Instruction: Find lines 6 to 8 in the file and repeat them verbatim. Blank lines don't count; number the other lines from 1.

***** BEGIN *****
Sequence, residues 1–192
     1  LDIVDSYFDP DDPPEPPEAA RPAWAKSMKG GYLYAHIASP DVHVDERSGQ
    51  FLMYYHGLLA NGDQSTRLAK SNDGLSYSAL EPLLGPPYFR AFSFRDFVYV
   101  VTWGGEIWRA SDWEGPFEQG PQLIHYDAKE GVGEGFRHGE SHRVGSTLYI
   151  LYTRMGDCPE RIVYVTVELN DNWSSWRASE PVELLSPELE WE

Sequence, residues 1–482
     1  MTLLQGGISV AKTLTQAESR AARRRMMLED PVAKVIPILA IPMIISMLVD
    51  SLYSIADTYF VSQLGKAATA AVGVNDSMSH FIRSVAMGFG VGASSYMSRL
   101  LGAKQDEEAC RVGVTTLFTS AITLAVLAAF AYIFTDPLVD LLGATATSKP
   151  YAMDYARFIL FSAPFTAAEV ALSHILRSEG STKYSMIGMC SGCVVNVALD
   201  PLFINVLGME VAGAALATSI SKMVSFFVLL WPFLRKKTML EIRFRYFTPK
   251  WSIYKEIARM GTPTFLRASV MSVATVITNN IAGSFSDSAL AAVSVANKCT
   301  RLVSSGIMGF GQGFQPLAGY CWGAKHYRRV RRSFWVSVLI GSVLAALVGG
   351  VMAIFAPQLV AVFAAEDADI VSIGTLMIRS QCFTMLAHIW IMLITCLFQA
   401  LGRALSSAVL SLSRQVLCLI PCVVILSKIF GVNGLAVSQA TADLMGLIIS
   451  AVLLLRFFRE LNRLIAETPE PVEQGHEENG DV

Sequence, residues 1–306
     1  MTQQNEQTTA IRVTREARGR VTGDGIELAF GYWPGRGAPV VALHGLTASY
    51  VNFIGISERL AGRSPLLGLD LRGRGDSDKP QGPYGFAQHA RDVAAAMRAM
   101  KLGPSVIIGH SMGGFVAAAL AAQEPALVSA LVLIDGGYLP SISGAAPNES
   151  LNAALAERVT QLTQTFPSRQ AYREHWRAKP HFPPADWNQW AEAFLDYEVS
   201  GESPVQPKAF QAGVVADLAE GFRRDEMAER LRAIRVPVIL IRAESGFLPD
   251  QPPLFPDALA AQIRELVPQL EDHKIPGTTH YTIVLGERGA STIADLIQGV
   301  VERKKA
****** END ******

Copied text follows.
Sequence, residues 1–482
     1  MTLLQGGISV AKTLTQAESR AARRRMMLED PVAKVIPILA IPMIISMLVD
    51  SLYSIADTYF VSQLGKAATA AVGVNDSMSH FIRSVAMGFG VGASSYMSRL